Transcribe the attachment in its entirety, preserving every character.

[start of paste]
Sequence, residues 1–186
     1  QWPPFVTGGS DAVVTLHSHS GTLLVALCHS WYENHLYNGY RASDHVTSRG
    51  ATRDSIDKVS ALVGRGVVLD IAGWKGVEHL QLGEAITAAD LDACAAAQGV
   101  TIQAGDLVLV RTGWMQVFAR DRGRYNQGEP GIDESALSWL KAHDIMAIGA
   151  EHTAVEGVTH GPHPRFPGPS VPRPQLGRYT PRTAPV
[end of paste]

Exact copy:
Sequence, residues 1–186
     1  QWPPFVTGGS DAVVTLHSHS GTLLVALCHS WYENHLYNGY RASDHVTSRG
    51  ATRDSIDKVS ALVGRGVVLD IAGWKGVEHL QLGEAITAAD LDACAAAQGV
   101  TIQAGDLVLV RTGWMQVFAR DRGRYNQGEP GIDESALSWL KAHDIMAIGA
   151  EHTAVEGVTH GPHPRFPGPS VPRPQLGRYT PRTAPV